Which Joe gave his name to ‘sloppy joes’? We look at five interesting sandwiches and their lexical origins.
- ‘It's bad form for pollies to leak Parliamentary Committee reports.’
- ‘Cohen contrasts that mix of backgrounds with those of the Labor pollies when he was in Parliament back in the early 1970s.’
- ‘One of the pollies targeted in the effort was One Nation Senator Len Harris, who introduced a private members bill on the issue around a year ago.’
- ‘Ironic, really, for a pollie whose political career was built on conservative family values.’
- ‘Oh, and someone asked me why none of my crushes are on left-wing pollies.’
- ‘This, of course, is the same PM many of the same commentators only weeks ago were telling us was one of the smartest pollies to grace our corridors of power.’
- ‘I'd forgotten how much I dislike conferences in general, and the political speeches given by pollies.’
- ‘They've modelled the forum on a BBC radio show which brings together pollies, experts, and activists for a weekly discussion on big issues with interested voters.’
- ‘The site was one of many sites launched by ALP pollies throughout the year, but this one was most definitely ahead of the rest of the pack.’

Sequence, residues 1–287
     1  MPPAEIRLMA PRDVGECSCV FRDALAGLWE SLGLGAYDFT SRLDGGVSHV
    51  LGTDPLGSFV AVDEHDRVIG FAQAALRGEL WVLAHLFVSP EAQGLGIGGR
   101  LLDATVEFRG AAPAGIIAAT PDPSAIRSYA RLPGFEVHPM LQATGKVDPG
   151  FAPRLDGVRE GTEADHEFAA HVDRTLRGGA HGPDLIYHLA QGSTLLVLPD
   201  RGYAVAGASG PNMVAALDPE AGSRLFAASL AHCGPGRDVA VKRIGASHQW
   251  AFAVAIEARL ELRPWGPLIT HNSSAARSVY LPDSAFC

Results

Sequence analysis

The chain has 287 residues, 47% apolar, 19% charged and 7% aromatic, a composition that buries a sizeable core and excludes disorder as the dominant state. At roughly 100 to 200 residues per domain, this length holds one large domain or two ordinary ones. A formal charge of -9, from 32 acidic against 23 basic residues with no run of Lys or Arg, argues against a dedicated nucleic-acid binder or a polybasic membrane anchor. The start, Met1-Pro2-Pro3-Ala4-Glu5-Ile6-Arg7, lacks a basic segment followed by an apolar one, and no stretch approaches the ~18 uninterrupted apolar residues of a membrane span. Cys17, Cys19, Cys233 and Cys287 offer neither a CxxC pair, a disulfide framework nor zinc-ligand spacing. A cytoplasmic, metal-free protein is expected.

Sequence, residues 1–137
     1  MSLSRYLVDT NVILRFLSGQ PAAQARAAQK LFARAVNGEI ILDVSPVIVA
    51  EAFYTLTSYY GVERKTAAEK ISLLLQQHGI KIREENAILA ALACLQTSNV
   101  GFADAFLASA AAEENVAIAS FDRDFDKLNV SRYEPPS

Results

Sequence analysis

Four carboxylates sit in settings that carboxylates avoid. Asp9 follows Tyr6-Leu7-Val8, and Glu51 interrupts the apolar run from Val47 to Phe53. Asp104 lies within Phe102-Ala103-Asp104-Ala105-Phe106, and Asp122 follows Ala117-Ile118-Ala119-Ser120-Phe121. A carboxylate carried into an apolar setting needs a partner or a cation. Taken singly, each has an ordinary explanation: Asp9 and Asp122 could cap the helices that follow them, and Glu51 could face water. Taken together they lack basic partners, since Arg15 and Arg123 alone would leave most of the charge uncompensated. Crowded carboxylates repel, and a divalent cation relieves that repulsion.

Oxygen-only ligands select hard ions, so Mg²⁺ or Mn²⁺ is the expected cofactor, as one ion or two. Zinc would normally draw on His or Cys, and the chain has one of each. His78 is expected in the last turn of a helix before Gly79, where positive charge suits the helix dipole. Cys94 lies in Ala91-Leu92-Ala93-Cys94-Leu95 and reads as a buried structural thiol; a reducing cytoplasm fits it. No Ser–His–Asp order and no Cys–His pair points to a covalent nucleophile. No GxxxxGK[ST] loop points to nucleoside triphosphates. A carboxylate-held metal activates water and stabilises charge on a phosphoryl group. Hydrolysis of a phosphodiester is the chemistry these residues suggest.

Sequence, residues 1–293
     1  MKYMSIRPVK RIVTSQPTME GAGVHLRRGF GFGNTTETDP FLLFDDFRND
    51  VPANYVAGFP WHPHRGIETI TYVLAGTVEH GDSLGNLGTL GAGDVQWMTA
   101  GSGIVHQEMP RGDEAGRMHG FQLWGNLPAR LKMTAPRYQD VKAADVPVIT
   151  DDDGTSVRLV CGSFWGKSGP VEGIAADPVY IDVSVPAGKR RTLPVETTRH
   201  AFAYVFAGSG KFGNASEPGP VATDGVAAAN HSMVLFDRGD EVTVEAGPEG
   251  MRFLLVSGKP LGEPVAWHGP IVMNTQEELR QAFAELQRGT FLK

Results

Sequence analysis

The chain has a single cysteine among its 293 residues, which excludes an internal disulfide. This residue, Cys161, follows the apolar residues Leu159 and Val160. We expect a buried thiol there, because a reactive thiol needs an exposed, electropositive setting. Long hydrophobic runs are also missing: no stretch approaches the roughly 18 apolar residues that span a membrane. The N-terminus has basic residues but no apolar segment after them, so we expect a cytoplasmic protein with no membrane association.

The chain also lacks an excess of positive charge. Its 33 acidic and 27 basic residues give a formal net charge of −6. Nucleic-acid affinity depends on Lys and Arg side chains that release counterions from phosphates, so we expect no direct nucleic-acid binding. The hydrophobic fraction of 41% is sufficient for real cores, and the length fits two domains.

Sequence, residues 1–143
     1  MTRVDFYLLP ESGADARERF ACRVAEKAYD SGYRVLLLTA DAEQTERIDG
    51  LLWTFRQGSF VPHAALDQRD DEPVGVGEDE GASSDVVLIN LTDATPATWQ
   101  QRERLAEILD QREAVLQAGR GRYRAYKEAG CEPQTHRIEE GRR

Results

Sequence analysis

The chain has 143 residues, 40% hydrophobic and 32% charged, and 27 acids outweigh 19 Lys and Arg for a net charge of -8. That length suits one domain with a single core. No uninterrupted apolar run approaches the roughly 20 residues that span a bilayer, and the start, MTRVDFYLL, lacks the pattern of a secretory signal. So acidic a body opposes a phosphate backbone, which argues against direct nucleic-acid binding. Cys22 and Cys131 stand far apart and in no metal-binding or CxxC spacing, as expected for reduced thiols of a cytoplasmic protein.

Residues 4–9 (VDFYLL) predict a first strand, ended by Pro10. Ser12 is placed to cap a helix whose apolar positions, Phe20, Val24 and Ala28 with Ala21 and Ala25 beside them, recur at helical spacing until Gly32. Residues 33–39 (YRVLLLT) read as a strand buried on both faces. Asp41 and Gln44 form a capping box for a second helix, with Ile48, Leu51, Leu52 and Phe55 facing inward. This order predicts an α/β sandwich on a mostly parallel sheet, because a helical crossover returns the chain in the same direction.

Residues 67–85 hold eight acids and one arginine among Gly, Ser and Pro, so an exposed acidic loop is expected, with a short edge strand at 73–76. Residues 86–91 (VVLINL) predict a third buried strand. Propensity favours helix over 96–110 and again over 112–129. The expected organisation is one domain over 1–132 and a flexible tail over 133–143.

- ‘They seem to listen to the pollies and some sections of the media and don't even bother to go and check out the facts for themselves.’
- ‘It really is a pity that we can't even enjoy the Christmas festivities anymore without the intrusion of proxy wars against pollies wrapped in a culture wars template.’
- ‘Now who's the ALP pollie who can make a speech like that in Australia - and mean it?’
- ‘If pollies and retired pollies want to access unlimited airport lounge grog, they can pay for it like anyone else.’
- ‘Compulsory voting guarantees the pollies a captive market - you don't have to convince the punters to turn up.’
- ‘I assume that nebulous economic term indicates it's some form of slush fund for the pollies to spend at their discretion.’
- ‘In the run up to the election, I'd like to focus on what citizens are doing rather than on the manoeuvres of the pollies, and am looking for reader profiles of the seats they live in and what citizens are doing to make a difference.’
- ‘If ever there was a running sore that angered the people, it is pollies ' pensions.’
- ‘We reproduce what may be the most vicious tirade by a pollie against a journo, delivered by Danby under parliamentary privilege on Tuesday.’
- ‘They're just some of our federal pollies who are former political staffers.’
- ‘For the most part, I have been content to sit back and watch with quiet amusement and a cynical smile as our pollies, democratically elected one and all, have gone about the day to day task of governing our country.’
Mid 19th century: abbreviation.
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The definitions of ‘buddy’ and ‘bro’ in the OED have recently been revised. We explore their history and increase in popularity.